This is an archived article that was published on sltrib.com in 2012, and information in the article may be outdated. It is provided only for personal research purposes and may not be reprinted.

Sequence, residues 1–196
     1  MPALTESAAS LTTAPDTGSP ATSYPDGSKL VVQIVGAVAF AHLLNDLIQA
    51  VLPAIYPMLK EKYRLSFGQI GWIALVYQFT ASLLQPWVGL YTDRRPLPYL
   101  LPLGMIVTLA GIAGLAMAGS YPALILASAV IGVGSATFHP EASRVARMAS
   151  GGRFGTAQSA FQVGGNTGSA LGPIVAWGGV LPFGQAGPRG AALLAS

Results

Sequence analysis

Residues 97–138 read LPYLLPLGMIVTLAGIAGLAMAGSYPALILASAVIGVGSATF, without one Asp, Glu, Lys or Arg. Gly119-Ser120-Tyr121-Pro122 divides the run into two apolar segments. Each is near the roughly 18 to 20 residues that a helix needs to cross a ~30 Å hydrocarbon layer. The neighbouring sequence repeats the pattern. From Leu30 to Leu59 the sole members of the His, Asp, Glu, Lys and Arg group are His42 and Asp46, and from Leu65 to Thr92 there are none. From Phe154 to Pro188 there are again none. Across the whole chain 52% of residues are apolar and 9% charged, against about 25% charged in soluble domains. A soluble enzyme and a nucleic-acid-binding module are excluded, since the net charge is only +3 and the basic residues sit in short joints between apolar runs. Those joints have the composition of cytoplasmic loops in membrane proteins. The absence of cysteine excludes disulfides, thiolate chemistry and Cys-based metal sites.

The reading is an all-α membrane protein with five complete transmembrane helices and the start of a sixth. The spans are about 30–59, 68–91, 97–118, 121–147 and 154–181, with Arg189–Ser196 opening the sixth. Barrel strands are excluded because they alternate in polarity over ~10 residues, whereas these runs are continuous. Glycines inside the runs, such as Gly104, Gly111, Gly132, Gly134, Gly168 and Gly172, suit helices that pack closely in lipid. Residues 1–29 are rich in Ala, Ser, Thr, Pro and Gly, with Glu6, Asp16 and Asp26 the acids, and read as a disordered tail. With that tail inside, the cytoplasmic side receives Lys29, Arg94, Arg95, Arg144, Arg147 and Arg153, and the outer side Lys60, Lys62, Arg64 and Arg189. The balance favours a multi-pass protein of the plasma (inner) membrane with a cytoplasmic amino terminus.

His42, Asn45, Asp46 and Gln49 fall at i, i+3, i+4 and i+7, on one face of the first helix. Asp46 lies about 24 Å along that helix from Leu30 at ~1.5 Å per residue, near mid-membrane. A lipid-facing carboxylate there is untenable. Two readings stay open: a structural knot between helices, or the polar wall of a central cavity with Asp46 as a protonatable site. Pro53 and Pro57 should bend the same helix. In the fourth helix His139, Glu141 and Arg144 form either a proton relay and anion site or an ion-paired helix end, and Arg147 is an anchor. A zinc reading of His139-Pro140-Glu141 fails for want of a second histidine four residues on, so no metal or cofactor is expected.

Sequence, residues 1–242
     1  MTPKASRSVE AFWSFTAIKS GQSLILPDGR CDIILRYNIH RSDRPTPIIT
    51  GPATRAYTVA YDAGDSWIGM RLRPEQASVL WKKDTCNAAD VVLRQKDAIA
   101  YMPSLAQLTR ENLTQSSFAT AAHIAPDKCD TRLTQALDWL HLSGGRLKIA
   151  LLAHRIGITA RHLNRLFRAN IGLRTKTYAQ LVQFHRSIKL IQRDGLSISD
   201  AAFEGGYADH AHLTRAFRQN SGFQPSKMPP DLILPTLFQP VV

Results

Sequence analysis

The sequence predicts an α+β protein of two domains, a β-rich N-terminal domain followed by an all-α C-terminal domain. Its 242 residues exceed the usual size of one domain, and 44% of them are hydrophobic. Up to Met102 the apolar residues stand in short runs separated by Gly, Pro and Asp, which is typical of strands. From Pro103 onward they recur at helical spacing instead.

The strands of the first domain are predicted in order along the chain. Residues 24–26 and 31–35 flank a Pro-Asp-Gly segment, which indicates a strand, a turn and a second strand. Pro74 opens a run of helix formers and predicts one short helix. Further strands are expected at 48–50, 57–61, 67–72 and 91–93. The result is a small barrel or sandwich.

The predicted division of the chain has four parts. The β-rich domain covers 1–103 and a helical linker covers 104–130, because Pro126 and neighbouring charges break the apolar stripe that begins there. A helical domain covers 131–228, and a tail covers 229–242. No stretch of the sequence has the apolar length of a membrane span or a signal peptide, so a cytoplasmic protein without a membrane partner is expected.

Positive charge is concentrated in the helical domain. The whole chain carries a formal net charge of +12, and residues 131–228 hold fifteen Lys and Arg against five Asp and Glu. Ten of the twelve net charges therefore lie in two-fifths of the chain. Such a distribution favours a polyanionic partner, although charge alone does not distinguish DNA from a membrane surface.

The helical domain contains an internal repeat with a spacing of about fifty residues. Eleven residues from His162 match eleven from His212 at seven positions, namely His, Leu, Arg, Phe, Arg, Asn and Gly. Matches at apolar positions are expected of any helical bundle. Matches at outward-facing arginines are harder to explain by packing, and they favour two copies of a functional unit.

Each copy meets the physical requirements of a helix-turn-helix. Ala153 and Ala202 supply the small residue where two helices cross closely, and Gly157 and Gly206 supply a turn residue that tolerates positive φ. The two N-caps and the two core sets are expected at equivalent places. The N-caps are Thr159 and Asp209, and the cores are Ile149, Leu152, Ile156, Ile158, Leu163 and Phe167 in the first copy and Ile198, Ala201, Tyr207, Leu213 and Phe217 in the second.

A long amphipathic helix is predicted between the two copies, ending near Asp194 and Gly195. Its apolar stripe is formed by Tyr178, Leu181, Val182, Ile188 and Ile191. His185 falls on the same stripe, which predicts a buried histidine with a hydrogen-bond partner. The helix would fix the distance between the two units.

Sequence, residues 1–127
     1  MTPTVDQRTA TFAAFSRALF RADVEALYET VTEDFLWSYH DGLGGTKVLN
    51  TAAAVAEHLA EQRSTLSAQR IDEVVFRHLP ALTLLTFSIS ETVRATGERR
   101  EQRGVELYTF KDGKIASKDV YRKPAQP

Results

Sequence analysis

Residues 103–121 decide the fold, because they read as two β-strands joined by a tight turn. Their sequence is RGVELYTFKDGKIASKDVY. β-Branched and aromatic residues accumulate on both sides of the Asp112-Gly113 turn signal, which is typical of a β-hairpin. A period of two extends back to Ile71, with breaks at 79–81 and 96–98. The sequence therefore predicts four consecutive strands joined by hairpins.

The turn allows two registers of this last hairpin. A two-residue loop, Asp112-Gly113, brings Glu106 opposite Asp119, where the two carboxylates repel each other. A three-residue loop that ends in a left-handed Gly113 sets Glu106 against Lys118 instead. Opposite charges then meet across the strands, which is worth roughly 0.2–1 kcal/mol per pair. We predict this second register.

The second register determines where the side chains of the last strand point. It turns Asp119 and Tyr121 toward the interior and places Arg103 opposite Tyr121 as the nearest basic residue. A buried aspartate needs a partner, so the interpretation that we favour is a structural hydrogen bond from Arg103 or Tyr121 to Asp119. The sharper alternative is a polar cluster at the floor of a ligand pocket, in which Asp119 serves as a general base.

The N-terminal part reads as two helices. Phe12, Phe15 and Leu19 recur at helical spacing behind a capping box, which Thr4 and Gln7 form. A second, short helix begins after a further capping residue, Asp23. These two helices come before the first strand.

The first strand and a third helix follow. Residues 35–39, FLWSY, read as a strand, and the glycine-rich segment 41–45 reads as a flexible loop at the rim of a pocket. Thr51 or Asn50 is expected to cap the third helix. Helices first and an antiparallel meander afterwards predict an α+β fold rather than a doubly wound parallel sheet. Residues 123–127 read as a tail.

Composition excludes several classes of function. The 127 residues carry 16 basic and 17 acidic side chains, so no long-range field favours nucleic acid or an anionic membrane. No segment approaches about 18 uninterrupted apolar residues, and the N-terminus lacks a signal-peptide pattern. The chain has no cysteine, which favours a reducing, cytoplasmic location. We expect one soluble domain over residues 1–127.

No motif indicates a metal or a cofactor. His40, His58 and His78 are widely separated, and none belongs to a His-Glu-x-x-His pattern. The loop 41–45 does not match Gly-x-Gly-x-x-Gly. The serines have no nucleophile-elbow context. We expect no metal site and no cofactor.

I got the opportunity to talk alone to BYU point guard Matt Carlino on Tuesday night after the Cougars practiced in EnergySolutions Arena in preparation for tonight's 7 p.m. contest with Montana, part of the advance work for this story in today's Tribune about the Cougars' situation at point guard. Basically, Carlino has lost the starting point guard spot he held the last half of last year and for the first five games this season to senior Craig Cusick. Carlino confirmed that Cusick will start tonight against the Grizzlies, and he will come off the bench. My biggest takeaway from our five-minute chat, though, was that Carlino has not lost any confidence in his ability. He's saddened by the demotion, but still believes his best days as a Cougar are ahead of him. He's also quite bullish on this team, which to outsiders appears to have some major deficiencies. "I would say there is a lot more to come from Matt Carlino," Carlino said. " I think even moreso, [BYU fans] haven't seen the best of this team. I think we have a lot of room to grow. I think this team is a lot better than last year, in my opinion. I think so far we have been playing about the same as last year's team. I think we have a lot of room to grow with this team, and I am just excited for it." Carlino said he knows as well as anyone that he's simply not shooting the ball well. He's taking better shots than he did last year when he was often accused of forcing shots that weren't there. They just aren't falling. "I know that I'm a better shooter," he said. "It is hard to say, because a lot of shots have felt good when they left my hand. It is probably a matter of just getting into the flow of the offense. I shot a lot more last year, so it is like when you don't shoot the ball as much, when you do get the chance you gotta knock them down more. So it is not like you are going to get your shots all the time, so when you do, you have to be in rhythm." When I asked him if he would prefer to start, Carlino said "it really doesn't matter to me." He continued: "I mean, I just want to play. I think I can really help this team. So as long as I am playing, it really doesn't matter to me. As long as I am helping my team win, I am fine." Clearly, BYU coaches believe that Cusick is better at controlling the pace of a game, a pace to their liking, than Carlino is right now. Still, Carlino is not turning the ball over nearly as much as last year. He has had 31 assists through six games, with just 12 turnovers. Last year as a freshman Carlino had 115 assists and 75 turnovers. "I think I have just gotten a lot stronger, and have better ball control, and just playing even that half a year last year, I learned so much just watching myself and just watching other good point guards last year. I think it is just maturing, is what that is. Obviously, I am focusing on not having turnovers. I think just maturing is more of just a reflection of that," he said. BYU coaches right now believe they need a steadier hand at the point guard position, and that pretty much describes the 6-2 Cusick. He had five points, three rebounds and two assists, a steal and two turnovers in 33 minutes against Cal State Northridge. "Like all of us, as a team, we are all here to do our best, and whatever is best for the team [is what I will do]," Cusick said Tuesday night when I asked him about getting the start last week. "So last game I was able to start, but you never know what is going to happen. Different games fit different people better, and so from one game to the next, you never know what is going to happen. We are just here to play together as a team and do whatever we are asked by the coach." Cusick flinched a bit when I asked him what he did to earn the starting spot. "I don't know if I think I earned it, but I just think anyone on this team could start. I think really we are that deep this year that the talent on this team as everyone continues to learn the program and how we do things as a team here. The team is so deep and talented that anyone could start," he said. "I was just fortunate to be able to be in the right spot at the right time, and coach felt the need for me to start the last game, so it worked out." BYU coach Dave Rose spent some 10 minutes talking to reporters after Tuesday's practice at EnergySolutions Arena. Here are more of Rose's responses: On BYU playing in an NBA Arena:"Our guys love it. Our guys love to play in these arenas, especially at the end of the year. If you are playing in one of these at the end of the year you are probably playing in the NCAA Tournament. So those are great venues. Hopefully our guys play well. I think there is a real art for being able to have something a little bit different that excites you, but still being able to execute a game plan, prepare the same way, but being able to go out and perform the way that your teammates and your coaches expect you to perform."On why BYU keeps playing at ESA:"We did it once, and it was a great crowd, a great experience. And then these people here [the Jazz] have been just terrific. They want us to come play, and that has been really good for us. I think this year especially they really worked with us because of Virginia Tech's situation, the only time they could come play us was late in December, and we usually play this game a little earlier than that. So [the ESA people] asked us if we wanted to play twice, and that worked out well." On the starting lineup and whether he is still in tinkering phase:"We are going to change it tomorrow, so it will be a little bit different. But we are just trying to ...I think I am actually really pleased with how we start games, OK?. I am looking for the best way to continue that start. If that is maybe to move a couple guys, or a guy or two to the bench, or move a guy off the bench into the starting lineup, we are still figuring that out."On Montana being a team with great shooters: "Well this will be a real challenge because they have good size inside, and they run their stuff really well. They screen hard, and they are really precise in their halfcourt offense. They change defenses well. Our gameplan will be to get to the shooters on the catch. They catch that ball, we can't still be three or four feet away trailing off screens. We got to be there on the catch and try to make them create shots. They are good. Their senior in the post is a guy who can hit big shots. I think the challenge is, we played Northridge last week and they had a group of 12, 13 guys who were 6-0, and they were really confident, and you had to break through that confidence and beat them. This group here [Montana] has a tradition of winning. They won the past year, the year before. They have been to the NCAA Tournament. These guys are really confident in their ability to win games as a group, tradition-wise. That's kind of what our challenge will be. It won't take one punch. It is going to be a pretty tough fight." On Saturday's game vs. Iowa State: "Tomorrow's game. That will be our biggest challenge. If that doesn't work out right, then we got a whole group of things on Thursday that we got to go through. So let's figure out how to win tomorrow." On Ambrosino's progress:"We are trying to help Agui with his confidence, because he is a good player. But this system is a lot different than anything he has played in before. There are a lot of things involved. And I think that the most important thing for him is to realize coaches really believe in him, and he's going to be a good player. He just needs to get out there more and feel more comfortable." On Tyler Haws being a winner: "First of all, I have watched him play for most of my life, it seems like. When he was a freshman in high school he was starting on his high school team. You watch that, and he just makes winning plays. His high school coach is a great coach, and we have had a lot of conversations about his ability to effect the game for good. We really felt that when he came, that that is what he would be able to do here. His first year, he was on one of the winningest teams in the history of the school. We hope that continues."On whether it is easier to get a game at ESA:"It is just tough. It is tough to schedule. We had three different teams that were committed to this game, and Montana is the one that actually stayed in there. The others bailed out on us. So it is hard. It is a challenge. This is a tough week for us. It has been that way every year with Christmas Around the World in the Marriott Center. And ESA is helping us."